2018: Francesco Molinari

Frustration turned into elation for Francesco Molinari in the 2018 BMW PGA Championship. The Italian was thwarted by an historically low round from Alex Noren a year earlier but he made sure to convert a share of the 54-hole lead this time around.

Noren was once again involved in the closing stages but most of the attention was paid to Rory McIlroy, who won this event in 2014, who was the other man in pole position at the start of Sunday’s final round. Unfortunately for his legion of fans in Surrey, McIlroy just ran out of gas at the wrong time. He played his first two rounds in -12 but was only -3 for this final two rounds and Molinari was never going to pass on this opportunity.

Just like a year earlier, Molinari’s final round was four shots under par. Unlike last year, that was good enough to win this historic title by two shots. The Italian has worked incredibly hard on his golf in the last year or so, adding distance to a game that has been built around accuracy. That is a potent combination and Molinari knows that many more big titles are in his future if he can maintain this standard of golf.

2017: Alex Noren

Every win at the BMW PGA Championship is special. Some, however, are more special than others. Alex Noren’s Wentworth win in 2017 was so special that it will go down as one of the highlights of his career.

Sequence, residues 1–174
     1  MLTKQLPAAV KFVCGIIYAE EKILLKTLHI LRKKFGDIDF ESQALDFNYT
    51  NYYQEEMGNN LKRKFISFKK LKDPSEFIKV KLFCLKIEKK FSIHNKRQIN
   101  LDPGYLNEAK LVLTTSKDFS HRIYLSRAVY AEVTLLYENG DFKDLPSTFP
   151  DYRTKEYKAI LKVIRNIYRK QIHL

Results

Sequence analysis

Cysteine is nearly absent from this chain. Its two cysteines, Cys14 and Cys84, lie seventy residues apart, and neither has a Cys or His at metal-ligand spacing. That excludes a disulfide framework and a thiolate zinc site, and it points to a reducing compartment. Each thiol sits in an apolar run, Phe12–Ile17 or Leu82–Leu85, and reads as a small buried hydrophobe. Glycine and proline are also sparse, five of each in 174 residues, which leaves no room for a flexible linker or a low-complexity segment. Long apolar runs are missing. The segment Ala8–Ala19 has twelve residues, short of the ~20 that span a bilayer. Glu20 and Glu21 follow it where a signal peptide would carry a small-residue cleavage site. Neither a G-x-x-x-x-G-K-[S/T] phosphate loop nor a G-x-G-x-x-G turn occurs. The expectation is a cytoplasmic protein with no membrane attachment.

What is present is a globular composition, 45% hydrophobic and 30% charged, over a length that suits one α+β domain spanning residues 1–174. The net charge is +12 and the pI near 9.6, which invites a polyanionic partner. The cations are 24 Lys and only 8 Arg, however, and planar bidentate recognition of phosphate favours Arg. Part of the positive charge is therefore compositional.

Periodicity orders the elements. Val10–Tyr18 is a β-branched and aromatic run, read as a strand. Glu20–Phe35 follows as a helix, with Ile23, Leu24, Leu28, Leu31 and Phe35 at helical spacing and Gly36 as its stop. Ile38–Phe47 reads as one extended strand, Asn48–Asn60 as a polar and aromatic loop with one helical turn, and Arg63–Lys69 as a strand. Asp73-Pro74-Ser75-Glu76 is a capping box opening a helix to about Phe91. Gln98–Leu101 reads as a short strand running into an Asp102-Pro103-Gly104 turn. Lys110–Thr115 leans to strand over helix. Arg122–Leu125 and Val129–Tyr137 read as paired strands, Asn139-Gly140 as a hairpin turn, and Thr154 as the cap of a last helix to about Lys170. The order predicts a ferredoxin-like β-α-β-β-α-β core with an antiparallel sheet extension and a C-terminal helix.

Noren played some steady golf over the first three days at Wentworth but that very much gave way to the spectacular on Sunday. Starting the day seven shots off the lead and a long way ahead of the final groups, Noren went on an absolute tear around the West Course. He took full advantage of the best of the conditions to equal the course record with a stunning round of 62 (interestingly he shares the record with two other Scandinavians, Robert Karlsson and Thomas Bjorn). That saw him set the clubhouse lead before the weather took a turn for the worse around 3 o’clock at -11 (10 of those shots came Sunday) which was a number none of the others could match.

Noren’s was not the only very good round of Sunday. Nicolas Colsaerts shot -7 to earn himself a share of third place and Francesco Molinari would usually be happy with a round of -4 to finish his week. As it was, the Italian was frustrated that he couldn’t get closer to Noren and ended up two shots behind in second place.